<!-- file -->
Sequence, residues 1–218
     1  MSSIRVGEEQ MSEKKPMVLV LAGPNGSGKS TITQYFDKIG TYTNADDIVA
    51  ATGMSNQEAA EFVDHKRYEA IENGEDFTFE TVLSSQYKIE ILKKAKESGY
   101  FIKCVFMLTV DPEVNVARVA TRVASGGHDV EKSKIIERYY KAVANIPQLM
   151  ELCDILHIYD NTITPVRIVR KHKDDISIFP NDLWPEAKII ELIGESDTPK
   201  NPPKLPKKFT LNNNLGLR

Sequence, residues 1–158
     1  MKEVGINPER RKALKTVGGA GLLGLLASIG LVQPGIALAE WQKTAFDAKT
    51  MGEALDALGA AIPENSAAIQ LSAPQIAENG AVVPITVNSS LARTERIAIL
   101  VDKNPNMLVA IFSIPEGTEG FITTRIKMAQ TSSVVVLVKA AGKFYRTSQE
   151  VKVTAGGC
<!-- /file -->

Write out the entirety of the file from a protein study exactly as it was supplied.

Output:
Sequence, residues 1–218
     1  MSSIRVGEEQ MSEKKPMVLV LAGPNGSGKS TITQYFDKIG TYTNADDIVA
    51  ATGMSNQEAA EFVDHKRYEA IENGEDFTFE TVLSSQYKIE ILKKAKESGY
   101  FIKCVFMLTV DPEVNVARVA TRVASGGHDV EKSKIIERYY KAVANIPQLM
   151  ELCDILHIYD NTITPVRIVR KHKDDISIFP NDLWPEAKII ELIGESDTPK
   201  NPPKLPKKFT LNNNLGLR

Sequence, residues 1–158
     1  MKEVGINPER RKALKTVGGA GLLGLLASIG LVQPGIALAE WQKTAFDAKT
    51  MGEALDALGA AIPENSAAIQ LSAPQIAENG AVVPITVNSS LARTERIAIL
   101  VDKNPNMLVA IFSIPEGTEG FITTRIKMAQ TSSVVVLVKA AGKFYRTSQE
   151  VKVTAGGC